LAUGHLIN AIR FORCE BASE, Texas -- Most simulator instructors at Specialized Undergraduate Pilot Training bases are civilians with extensive experience in the field of aviation.
Senior Airman Brenten Boler graduated Pilot Training Next on August 31, 2019--the only one in his class who was not assigned an airframe. He was assigned to be a T-6A Texan II simulator instructor at Laughlin Air Force Base, Texas.
From technical training at the Defense Language Institute in Monterey, California, where he was learning Korean, he went on a temporary duty to Wright-Patterson AFB, Ohio, for testing and interviews to see if he was a good fit for the aviation careerfield. From there, he went to Initial Flight Training at Pueblo, Colorado and was officially accepted to Pilot Training Next.
Receiving the news he was officially accepted to PTN, Boler set off on yet another temporary duty--this time, to Austin, Texas, where he began PTN with the 21st Detachment.
“I always wanted to get into aviation; I was interested in it as a child and in college before joining the Air Force,” Boler said. “I thought it would take me a lot longer to do anything related to aviation, so I was excited for the opportunity. As I began my training, I was excited to learn and thought that everything felt surreal.”
Unlike bases where the traditional SUPT is taught, he found it to be more individual-focused than syllabus-driven and allows students to progress at a faster pace than traditional SUPT.
He finished training at the 24th Detachment at Randolph AFB. He was awarded his wings, yet they remain in a glass case inscribed, “BREAK GLASS UPON OTS GRADUATION.”
In order to commission along with the two other enlisted members who completed PTN with him, Boler would have to complete his bachelor's degree to be approved for Officer Training School.
Boler’s next step was clear. While he waited for his orders to be activated, he began classes again, pursuing interdisciplinary studies. Having credits from previous college courses, he found himself well on his way to reaching his next graduation goal. He PCS’d to Laughlin in June, 2020, and he’s currently a T-6 simulator instructor for the 47th Operations Group.
Even though Boler is not yet able to pursue his career in flight, he gives his full energy to his job and students at Laughlin.
“I value the job I have now because it gives me the opportunity to pass on the knowledge I have as a military aviator, as well as a chance to improve my understanding of concepts by teaching them to curious students,” Boler said. “I find the work as an instructor to be incredibly rewarding and enjoy working with the student pilots to help them develop their skills.”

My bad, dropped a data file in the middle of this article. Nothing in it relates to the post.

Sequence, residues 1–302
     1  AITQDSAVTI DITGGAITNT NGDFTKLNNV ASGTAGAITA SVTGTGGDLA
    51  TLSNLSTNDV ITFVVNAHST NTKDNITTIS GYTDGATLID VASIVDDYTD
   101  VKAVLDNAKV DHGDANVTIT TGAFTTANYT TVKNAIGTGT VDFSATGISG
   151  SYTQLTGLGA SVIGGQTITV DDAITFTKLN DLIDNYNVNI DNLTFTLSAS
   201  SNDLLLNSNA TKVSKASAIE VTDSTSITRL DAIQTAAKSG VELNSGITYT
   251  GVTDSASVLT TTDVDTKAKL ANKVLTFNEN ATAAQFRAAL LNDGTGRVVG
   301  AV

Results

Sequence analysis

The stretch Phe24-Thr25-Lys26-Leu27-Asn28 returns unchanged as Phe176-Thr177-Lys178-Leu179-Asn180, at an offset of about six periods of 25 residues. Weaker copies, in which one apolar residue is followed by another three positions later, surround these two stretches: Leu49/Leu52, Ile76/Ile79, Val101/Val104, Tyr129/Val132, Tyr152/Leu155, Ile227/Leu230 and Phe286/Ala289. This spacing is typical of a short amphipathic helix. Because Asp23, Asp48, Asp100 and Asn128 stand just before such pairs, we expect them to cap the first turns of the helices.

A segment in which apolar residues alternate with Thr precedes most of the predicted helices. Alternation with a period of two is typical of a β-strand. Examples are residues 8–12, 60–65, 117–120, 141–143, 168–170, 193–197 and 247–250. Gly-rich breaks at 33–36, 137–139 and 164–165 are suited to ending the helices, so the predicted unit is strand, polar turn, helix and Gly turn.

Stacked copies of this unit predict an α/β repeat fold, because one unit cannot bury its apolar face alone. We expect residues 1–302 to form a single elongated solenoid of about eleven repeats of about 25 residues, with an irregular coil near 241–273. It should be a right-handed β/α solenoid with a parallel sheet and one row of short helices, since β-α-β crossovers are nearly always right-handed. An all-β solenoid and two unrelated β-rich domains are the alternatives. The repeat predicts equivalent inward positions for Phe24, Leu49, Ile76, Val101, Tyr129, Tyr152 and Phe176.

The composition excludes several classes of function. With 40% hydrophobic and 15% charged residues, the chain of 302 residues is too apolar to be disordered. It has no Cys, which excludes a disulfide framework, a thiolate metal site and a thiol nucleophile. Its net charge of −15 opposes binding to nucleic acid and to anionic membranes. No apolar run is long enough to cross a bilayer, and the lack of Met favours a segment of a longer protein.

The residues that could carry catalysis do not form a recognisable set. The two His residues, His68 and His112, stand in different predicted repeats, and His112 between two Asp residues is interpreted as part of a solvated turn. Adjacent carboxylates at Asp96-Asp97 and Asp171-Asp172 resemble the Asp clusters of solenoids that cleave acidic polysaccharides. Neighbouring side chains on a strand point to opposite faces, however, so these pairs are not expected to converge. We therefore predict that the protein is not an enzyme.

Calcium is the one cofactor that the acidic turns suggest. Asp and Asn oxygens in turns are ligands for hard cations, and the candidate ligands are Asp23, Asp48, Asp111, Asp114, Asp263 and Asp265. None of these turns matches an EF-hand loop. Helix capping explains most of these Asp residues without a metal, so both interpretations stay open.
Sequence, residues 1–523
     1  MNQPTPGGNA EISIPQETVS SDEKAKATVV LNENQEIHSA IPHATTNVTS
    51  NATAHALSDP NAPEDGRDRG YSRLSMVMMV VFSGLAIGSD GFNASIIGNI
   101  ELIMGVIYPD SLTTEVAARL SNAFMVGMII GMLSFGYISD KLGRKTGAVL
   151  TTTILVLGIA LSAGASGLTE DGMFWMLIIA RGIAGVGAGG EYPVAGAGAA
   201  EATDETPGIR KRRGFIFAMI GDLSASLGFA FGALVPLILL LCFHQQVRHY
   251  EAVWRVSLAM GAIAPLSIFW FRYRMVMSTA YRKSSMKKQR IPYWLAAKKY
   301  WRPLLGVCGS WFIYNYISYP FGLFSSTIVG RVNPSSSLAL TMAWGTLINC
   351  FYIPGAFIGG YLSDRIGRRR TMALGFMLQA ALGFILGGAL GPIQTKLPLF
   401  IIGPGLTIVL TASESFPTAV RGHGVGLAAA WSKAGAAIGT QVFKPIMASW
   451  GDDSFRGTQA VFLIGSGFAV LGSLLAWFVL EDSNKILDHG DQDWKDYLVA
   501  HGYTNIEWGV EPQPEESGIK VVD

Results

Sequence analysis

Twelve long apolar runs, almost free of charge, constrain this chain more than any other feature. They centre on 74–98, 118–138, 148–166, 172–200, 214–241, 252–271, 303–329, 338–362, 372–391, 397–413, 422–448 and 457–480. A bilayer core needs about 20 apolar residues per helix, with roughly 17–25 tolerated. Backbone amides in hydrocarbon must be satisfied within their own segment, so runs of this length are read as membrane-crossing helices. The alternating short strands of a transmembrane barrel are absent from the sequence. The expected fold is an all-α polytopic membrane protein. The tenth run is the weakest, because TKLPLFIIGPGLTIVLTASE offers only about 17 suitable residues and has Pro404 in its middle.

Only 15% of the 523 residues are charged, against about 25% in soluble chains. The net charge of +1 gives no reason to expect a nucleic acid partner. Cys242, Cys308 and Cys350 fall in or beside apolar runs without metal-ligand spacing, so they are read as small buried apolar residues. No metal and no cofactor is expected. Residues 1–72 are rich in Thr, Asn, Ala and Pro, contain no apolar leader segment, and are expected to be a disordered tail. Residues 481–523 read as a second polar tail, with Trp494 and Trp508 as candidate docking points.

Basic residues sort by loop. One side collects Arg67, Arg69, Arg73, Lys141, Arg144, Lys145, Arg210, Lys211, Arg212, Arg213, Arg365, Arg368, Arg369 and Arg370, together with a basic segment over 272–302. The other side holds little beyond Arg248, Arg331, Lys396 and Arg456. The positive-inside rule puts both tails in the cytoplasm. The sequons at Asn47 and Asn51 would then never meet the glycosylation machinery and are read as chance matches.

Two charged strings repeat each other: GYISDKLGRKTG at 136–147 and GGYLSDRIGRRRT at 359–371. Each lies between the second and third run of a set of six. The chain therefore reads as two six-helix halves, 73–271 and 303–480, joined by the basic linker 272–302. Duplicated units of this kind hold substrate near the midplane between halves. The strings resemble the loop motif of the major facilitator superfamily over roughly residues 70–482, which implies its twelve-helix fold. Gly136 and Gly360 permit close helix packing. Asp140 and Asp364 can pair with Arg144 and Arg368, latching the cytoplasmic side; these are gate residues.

His teammate and mentor, Bryan Nalley, 47th Operations Group T-6 civilian simulator instructor, thinks it’s awesome to have an active duty enlisted person on the team.
“I really enjoy watching Senior Airman Boler excel at being an instructor pilot” Nalley said. “Sometimes it’s hard to believe he hasn’t been doing this for a long time. I’m really looking forward to seeing where his flying career takes him. So far he’s off to a very impressive start.”
Boler is technically qualified to fly, but he needs his bachelor’s degree to be an Air Force officer. He is happy he needs it to fly because it drives him to earn his degree.
“Boler is a fully qualified Air Force instructor pilot after graduating from Pilot Training Next and Pilot Instructor Training,” Nalley said. “I’ve never flown with him, but in the simulator he has already proven himself as an outstanding instructor in his very short time here. It’s unfortunate he can’t wear wings on his chest right now because he’s definitely earned them.”
Boler believes making flight available to the enlisted force is a key factor in helping solve many problems for the Air Force.
“Allowing enlisted personnel to have the opportunity to learn how to fly and giving them a path similar to the one that I took could help build the pilot core of the Air Force,” Boler said.
Bringing enlisted personnel into aviation following a similar path to the one that Boler took can open the door to allowing more qualified Airmen who are with Air Force ranks to learn to fly. For others, a path like Boler’s could be another avenue to increase pilot production, while also gaining more simulator instructors to assist in SUPT training and giving enlisted personnel the opportunity to transition into the cockpit.